‘Dig at archaeological sites with care’


HERE IT IS: Stimpson (right) explains some details of his works to Sarawak Museum public relations officer Mohd Zakaria Hatta.

KUCHING: Visiting Sarawak Museum research officer, Christopher Stimpson, reminds the public to always be cautious when doing research work at archaeological sites here.

He said that activities such as digging at the site, for example, must be done systematically to ensure that valuable data are not lost.

He said this at a public talk at the Sarawak Museum yesterday which was attended by members of the media and students.

Soil at archaeological sites was essential for date tracking and recording, said Stimpson, who has been here for about four months now.

He said that precaution must always be observed when dealing with places full of artifacts to ensure others or returning researchers could conduct their studies well.

“Places such as the Niah Caves for example are places where many intensive studies and research have been done since the 19th century must always be dealt cautiously. We do not want to lose valuable information,” he added.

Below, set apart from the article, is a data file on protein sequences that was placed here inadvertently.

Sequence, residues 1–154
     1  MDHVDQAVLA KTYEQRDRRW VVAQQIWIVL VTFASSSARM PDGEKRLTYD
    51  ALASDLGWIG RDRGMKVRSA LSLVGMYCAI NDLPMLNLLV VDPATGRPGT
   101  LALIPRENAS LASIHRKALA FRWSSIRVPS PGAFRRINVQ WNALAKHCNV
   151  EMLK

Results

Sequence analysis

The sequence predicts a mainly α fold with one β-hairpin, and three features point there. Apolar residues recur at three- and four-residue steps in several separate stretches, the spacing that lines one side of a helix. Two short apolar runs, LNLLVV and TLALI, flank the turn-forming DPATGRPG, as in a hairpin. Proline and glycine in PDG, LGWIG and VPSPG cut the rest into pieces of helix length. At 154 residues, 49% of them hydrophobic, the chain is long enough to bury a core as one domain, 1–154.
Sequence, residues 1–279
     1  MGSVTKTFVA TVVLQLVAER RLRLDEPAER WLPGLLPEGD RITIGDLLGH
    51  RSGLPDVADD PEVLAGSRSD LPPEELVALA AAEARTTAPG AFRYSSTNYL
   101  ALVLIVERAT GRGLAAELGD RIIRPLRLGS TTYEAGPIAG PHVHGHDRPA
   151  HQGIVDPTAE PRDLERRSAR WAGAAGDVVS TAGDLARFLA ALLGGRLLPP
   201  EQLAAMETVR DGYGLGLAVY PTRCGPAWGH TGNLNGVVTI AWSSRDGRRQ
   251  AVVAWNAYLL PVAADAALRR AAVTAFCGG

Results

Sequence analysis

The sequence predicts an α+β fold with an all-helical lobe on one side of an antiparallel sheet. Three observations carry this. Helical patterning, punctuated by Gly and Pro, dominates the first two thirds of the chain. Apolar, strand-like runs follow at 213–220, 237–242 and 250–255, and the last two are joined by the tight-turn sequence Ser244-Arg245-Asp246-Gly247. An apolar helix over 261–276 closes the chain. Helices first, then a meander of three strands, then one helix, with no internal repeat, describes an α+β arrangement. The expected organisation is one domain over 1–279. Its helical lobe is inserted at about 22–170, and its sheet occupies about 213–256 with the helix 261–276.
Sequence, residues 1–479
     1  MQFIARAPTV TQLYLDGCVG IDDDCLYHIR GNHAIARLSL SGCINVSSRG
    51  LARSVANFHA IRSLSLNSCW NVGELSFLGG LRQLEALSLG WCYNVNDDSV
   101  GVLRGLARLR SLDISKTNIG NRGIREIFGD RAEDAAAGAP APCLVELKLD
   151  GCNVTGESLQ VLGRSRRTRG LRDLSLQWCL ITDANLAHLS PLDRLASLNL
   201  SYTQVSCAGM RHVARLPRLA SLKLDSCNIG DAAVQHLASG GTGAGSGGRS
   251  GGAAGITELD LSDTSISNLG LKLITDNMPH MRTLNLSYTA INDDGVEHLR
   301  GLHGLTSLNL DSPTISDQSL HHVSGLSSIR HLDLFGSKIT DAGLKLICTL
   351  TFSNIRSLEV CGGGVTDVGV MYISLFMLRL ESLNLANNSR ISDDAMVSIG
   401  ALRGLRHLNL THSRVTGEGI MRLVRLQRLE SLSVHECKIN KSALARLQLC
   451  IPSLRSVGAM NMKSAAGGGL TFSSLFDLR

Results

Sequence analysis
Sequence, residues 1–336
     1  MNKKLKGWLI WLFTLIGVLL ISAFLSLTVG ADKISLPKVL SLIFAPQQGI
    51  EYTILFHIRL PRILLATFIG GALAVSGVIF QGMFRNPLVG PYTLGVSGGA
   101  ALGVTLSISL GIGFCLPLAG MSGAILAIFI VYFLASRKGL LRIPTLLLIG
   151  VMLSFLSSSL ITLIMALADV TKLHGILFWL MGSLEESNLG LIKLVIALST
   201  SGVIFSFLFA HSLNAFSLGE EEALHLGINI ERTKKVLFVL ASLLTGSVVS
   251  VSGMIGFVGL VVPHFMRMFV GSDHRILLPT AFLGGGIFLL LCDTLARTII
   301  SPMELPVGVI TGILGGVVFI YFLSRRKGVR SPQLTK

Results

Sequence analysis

While speaking of his admiration for the works and ideas of the late British polymath Tom Harrison who spent most of his life in Sarawak doing research, he too lamented that Harrison’s methods of handling natural historical sites.

He said that like any other archaeologist in the 19th century, Harrison’s methods of digging natural historical sites were damaging the soil condition which contains valuable records like those at the Niah Caves.

A trained zoologist from the University of Leeds in England, Stimpson is currently in Sarawak to conduct an avian zooarcheology at the Niah Caves.

He too studied Harrison’s specimen and compared them with his own specimens taken from the Niah Caves.

“During my time at the site (Niah Caves), I encountered a few interesting facts. I managed to find some bone specimen of birds such as the Green Magpie and Bulwer Pheasant inside the cave itself. These birds are normally found in the high mountains or places of higher altitude than the Niah Caves,” he said.

His principal research here is palaeoecology and the use of Quarternary-age palaezoological data sets for effective management and conservation of extant population of animals and birds.